Ryan's teacup

Portland commissioner Dan Ryan, the City Hall fall guy on homeless issues, has announced some more sites that are supposed to be made into managed camps. They're spread out around the edges of town. One, way up by Delta Park, will be for RVs.

If I'm reading the story right, there are now supposed to be six such "villages," and they will accommodate around 350 people total. It's a start, I guess. But there's stil hagging to be done with landowners over leases, figuring out who in the homeless industrial complex will get the juicy contracts, and dealing with neighbors who need these camps like they need a hole in the head. Not to mention setting up whatever facilities are going to be offered to the campers. Maybe the city will get some open by next winter. Maybe. The mayor, Dud Wheeler, is declaring an emergency! [Insert sad trombone sound here.]

If and when they do bring these six sites into operation, they will be but a few teacups emptied out of an ocean of despair. How many street dwellers are there in Portland right now, 3,000 maybe? You math majors out there know, 350 "pods" is only what, 12 percent of that number. So even if Ryan gets on a roll, which he sure hasn't yet, at this rate we'd be talking eight or nine rounds of this to get to the needed capacity.

Besides, hundreds of today's street people will never live in a managed camp, a managed shelter, or a managed anything. They're hooked on drugs. For them the choices are either some kind of attempt at treatment, or a slow, ugly death that the rest of us get to watch. I'm all for getting them help, but Ryan's current plans don't seem to include anything for them.

One interesting thing I noticed in the latest news is that a couple of existing managed camps are "affinity" camps, one based on" queer"-ness and the other on race. Is everybody okay with that? It seems like segregation. But I guess it's better than the "unsanctioned" camps all over town. If they had names, they would be something like "Stolen Bike Affinity Village" and "Fentanyl Village."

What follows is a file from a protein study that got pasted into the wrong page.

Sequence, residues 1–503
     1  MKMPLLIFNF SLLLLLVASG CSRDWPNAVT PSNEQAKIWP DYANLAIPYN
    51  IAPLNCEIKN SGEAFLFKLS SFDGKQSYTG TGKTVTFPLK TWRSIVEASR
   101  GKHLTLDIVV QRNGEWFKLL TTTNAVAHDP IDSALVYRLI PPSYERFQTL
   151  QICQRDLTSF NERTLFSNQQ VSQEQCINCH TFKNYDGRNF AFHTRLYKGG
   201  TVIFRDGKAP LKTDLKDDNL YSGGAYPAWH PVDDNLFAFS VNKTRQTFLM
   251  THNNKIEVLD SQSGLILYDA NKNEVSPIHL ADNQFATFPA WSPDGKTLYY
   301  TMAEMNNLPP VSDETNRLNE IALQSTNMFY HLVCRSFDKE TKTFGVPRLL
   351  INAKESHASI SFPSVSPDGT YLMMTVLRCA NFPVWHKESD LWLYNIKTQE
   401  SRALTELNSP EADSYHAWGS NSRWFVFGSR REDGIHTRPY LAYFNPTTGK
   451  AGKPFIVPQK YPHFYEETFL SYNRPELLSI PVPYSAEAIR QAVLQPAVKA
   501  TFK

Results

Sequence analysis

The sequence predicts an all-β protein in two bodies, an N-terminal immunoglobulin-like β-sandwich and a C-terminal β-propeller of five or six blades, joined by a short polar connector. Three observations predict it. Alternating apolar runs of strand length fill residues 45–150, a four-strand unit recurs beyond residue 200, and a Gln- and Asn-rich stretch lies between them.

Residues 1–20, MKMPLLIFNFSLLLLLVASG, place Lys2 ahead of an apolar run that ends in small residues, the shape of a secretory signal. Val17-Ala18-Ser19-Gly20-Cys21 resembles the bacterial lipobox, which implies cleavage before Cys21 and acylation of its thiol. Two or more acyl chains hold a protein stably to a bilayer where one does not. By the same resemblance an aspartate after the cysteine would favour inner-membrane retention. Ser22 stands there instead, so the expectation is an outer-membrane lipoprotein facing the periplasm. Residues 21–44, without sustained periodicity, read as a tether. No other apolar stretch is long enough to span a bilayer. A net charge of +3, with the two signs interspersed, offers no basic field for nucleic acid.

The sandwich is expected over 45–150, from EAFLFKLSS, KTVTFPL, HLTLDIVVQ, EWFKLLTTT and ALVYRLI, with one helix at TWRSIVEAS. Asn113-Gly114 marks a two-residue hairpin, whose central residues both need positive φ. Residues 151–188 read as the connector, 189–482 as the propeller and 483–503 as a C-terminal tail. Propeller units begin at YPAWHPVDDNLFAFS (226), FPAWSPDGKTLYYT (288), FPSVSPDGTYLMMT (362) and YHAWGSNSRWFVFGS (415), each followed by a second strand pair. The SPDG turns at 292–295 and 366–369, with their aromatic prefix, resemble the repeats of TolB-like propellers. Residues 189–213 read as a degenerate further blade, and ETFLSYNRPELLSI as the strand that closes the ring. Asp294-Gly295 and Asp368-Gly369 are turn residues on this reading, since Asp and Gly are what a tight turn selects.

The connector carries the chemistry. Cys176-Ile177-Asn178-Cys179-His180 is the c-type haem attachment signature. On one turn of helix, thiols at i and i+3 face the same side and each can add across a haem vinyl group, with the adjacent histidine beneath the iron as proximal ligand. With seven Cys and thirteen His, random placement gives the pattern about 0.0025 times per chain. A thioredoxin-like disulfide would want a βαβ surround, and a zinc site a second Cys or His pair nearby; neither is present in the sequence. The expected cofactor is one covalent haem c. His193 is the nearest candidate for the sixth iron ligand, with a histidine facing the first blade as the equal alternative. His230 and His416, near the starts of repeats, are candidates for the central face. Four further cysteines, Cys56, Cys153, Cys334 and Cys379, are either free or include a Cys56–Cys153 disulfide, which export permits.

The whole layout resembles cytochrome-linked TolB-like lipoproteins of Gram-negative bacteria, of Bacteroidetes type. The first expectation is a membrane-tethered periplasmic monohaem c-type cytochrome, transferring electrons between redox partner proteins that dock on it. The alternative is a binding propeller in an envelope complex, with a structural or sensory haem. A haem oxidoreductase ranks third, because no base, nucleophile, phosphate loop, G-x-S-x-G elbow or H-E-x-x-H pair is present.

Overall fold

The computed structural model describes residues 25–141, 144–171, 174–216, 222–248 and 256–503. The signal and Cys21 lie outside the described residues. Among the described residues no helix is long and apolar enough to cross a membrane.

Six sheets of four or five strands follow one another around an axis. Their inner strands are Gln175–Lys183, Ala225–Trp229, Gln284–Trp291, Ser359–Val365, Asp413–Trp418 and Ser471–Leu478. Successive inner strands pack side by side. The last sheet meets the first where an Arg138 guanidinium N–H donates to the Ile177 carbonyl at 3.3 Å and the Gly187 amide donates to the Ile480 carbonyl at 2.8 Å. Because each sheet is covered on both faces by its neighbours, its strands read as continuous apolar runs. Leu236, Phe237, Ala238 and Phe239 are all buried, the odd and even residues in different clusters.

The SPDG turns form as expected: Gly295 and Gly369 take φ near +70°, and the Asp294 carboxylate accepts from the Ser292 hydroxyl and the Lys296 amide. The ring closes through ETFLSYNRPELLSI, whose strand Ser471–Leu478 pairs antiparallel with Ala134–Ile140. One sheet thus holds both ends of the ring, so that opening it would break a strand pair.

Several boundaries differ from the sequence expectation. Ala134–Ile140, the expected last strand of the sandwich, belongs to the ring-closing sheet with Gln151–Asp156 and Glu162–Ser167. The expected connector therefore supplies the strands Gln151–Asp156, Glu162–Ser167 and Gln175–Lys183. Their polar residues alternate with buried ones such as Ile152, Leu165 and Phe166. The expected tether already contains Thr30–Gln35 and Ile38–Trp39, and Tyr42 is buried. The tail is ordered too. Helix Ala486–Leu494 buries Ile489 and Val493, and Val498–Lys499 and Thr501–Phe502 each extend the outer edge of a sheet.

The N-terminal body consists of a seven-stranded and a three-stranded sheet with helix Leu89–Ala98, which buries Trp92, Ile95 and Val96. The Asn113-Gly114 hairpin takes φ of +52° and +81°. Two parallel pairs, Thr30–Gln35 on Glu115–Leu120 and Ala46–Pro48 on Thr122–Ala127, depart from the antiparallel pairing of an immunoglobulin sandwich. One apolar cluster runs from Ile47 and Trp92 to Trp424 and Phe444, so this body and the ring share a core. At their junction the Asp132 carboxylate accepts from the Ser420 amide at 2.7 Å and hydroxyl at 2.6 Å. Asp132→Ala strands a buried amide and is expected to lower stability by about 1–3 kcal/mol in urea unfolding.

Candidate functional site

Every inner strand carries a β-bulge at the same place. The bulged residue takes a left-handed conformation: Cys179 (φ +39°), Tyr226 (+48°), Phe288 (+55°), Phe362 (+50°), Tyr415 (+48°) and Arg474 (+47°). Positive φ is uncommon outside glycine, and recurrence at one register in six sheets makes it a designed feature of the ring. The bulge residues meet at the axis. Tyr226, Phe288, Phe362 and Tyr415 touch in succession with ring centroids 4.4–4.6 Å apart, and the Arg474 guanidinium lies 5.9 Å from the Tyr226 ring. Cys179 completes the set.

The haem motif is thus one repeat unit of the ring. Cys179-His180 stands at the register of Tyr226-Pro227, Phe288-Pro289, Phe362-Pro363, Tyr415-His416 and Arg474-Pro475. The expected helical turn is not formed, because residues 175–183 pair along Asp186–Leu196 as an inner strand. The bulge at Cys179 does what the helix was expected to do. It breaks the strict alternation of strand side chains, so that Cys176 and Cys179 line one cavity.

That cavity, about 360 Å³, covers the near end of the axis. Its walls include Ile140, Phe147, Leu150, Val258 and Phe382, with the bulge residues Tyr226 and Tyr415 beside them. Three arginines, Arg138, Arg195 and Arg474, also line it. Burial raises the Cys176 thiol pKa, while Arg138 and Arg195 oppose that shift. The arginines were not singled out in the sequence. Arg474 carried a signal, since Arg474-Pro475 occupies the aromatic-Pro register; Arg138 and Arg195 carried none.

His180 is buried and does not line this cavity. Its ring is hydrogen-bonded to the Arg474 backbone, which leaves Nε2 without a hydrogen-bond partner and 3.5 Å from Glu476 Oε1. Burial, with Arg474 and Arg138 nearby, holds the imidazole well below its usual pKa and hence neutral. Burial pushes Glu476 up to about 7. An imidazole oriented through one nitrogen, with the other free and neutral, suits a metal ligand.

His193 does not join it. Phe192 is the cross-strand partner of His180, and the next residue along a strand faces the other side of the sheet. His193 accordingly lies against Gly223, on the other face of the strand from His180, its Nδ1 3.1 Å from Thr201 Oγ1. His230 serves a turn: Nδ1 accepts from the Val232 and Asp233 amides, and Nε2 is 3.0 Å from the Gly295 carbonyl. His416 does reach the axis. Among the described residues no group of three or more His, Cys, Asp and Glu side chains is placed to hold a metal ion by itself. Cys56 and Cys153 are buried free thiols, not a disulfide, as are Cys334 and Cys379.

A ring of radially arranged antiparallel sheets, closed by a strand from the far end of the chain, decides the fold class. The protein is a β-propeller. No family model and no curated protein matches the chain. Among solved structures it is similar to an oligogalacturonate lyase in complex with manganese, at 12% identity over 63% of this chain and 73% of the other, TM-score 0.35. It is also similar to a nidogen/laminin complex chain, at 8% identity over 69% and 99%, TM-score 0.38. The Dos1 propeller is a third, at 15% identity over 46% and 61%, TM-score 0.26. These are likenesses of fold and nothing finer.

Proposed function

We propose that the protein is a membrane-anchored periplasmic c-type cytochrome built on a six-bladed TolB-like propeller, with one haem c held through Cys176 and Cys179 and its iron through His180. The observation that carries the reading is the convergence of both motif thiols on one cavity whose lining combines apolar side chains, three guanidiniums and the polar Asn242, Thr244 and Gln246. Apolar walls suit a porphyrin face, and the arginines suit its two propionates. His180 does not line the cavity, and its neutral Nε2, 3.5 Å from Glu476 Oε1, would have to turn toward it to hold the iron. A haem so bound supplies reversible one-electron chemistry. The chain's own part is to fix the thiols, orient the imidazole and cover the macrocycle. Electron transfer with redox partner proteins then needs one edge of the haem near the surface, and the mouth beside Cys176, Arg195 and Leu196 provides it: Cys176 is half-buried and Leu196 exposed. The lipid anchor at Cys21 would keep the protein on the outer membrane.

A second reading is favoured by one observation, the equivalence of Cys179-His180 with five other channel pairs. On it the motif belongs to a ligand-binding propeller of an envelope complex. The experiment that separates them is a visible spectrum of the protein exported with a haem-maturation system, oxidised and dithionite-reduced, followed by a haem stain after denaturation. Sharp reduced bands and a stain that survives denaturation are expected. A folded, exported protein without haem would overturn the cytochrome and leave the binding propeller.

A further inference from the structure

Anyway, don't worry, Portland. Ryan is working on it. Walk on, walk on, with hope in your heart.


  1. Well, something is happening. The encampment behind the Powell MickyD at SE 30th is gone. And, they've moved the junk RV village that was accumulating around Cleveland Field. I haven't transited SE Powell to see if the multiple encampments in all the dumbass offstreet parking coves have been 'relocated', or not.

  2. You would think that if you were homeless it wouldn’t matter who your neighbors were, as long as you have a roof over your head. But this being Portland, I guess nothing surprises me anymore. I can’t imagine being so wrapped up in your sexuality that you seemingly put that first, or even make it of importance. You would think that getting off of the streets would be your only consideration. God I am so sick of this identity politics stuff, it is nauseating sometimes.

  3. At least the "dealing with neighbors" part won't be too burdensome for the City. If you've ever attended an informational meeting on siting one of these type of things, you know the standard response to opposition: 'shut up, we're trying to be heroes here.'

  4. The only thing queer are these hapless ideas. If we are going to really support equality, we should make sure everybody gets the same amount of their daily dope.

  5. You were right Jack. On the website “A Home For Everyone” it says this:

    The three villages opened in Spring 2020 and include:

    BIPOC Village: focusing on Black, Indigenous, & People of Color

    QA Village: also known as Queer Affinity, for folks on the LGBTQIA+ spectrum

    Old Town Village: our non-identity-specific village

    So I guess if you are not a BIPOC or queer, I guess you don’t have an identity? How is this even legal? And I hate the term BIPOC.......it reminds me of ‘chickenpox’ for some reason.

  6. Kudos for your Rodgers and Hammerstein reference!

    What a sad state of affairs. Thank you for calling everyone out with the level of honesty that so few are willing to offer.


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